Bridge cameras to nab rock throwers

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NM_bridge0 INLSA The new Blackburn pedestrian bridge on the N2 between Blackburn Village and Umhlanga, where four vehicles were struck by rocks or bricks flung from the bridge this week. Vishani Rabindranath, 42, of Chatsworth, right, underwent reconstructive surgery yesterday after being hit in the face.

Durban - Cameras could be installed on bridges to apprehend those people throwing bricks and rocks at motorists.

eThekwini municipal engineering head Adrian Peters told The Mercury on Thursday that CCTV cameras could be put in place. However, the city needed to pinpoint locations where the incidents were occurring regularly.

In recent weeks a number of objects have been hurled from bridges on to vehicles.

Vishani Rabindranath, 42, of Chatsworth was travelling with her husband from Sibaya Casino on Tuesday evening when a brick was flung from the new Blackburn pedestrian bridge, between Blackburn Village and Umhlanga Rocks.

It broke the windshield, striking Rabindranath’s face. According to her husband, Doom, she underwent reconstructive surgery yesterday at King Edward Hospital.

“I saw her in theatre yesterday. She has been speaking but very few words. The worst part is that she does not remember much about the incident,” he said.

“I am really sad for my wife and about what happened and at the same time I am upset about the person who did this.”

He said several cars were stoned on the same night. “There was a tow-truck and a Mercedes on the other side of the road. The police say they are patrolling but they are not.”

Two others were hurt when their cars were also hit.

Michelle Louw, 43, had a “huge rock” thrown on top of her car at around 8.30pm on Tuesday.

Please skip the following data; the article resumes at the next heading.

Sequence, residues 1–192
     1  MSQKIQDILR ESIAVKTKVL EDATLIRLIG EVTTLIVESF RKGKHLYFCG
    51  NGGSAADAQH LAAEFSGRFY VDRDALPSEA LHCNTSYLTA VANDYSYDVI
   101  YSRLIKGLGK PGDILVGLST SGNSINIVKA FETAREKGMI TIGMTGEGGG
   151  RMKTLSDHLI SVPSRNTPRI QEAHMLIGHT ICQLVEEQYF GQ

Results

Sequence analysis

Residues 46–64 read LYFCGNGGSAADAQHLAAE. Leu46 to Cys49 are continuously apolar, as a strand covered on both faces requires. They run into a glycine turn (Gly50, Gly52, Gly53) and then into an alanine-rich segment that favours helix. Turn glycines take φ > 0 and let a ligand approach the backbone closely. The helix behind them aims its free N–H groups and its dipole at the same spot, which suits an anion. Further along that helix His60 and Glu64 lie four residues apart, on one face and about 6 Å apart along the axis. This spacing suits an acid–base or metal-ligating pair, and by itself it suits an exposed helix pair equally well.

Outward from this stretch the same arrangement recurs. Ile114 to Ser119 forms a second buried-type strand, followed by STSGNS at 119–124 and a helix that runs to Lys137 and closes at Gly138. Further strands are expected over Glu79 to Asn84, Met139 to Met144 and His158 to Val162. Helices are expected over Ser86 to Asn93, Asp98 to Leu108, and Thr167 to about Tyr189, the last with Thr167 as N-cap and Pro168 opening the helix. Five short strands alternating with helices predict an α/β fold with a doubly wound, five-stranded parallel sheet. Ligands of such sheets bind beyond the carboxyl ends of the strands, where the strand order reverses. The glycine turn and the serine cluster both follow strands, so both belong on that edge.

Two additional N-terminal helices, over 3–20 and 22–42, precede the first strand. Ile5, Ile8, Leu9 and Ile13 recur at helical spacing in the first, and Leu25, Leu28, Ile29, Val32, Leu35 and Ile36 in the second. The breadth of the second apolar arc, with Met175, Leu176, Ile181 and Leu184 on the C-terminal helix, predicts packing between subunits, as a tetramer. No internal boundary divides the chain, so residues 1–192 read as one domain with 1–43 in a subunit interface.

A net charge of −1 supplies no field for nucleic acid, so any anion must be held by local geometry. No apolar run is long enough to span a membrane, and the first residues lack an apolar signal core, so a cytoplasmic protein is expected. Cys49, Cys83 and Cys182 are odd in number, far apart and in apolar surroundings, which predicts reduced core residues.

“I was on my way to the airport when I heard something like a gunshot. It was horrifying but I kept driving,” she said. “The rock struck the passenger side of the windshield; luckily nobody was on that side because glass was all over the car.”

Louw advised that should you become a victim, you should “just keep driving and not stop”.

Peters said that incidents of objects being hurled from bridges had also occurred several years ago.

“We thought about cameras back then, but then it just stopped happening; now it has resurfaced. We will speak to the police about this. The problem is that some of the bridges do not fall under the city as they are owned by the SA National Roads Agency Limited (Sanral),” he said.

Asked if the city needed to upgrade its bridges like those in Cape Town which are covered, minimising the risk of people throwing objects, he said: “The blocking does not guarantee the problem will stop. There have been incidents where people place large rocks on the roads. It is very difficult to say because of the cost implications.”

Brad Harold, of Cape Town’s mayoral transport, roads and storm water department said the city had had a similar problem 10 years ago but that it had stopped after bridges were covered.

Police had increased patrols in the “affected areas”, spokesman Captain Thulani Zwane said. - The Mercury

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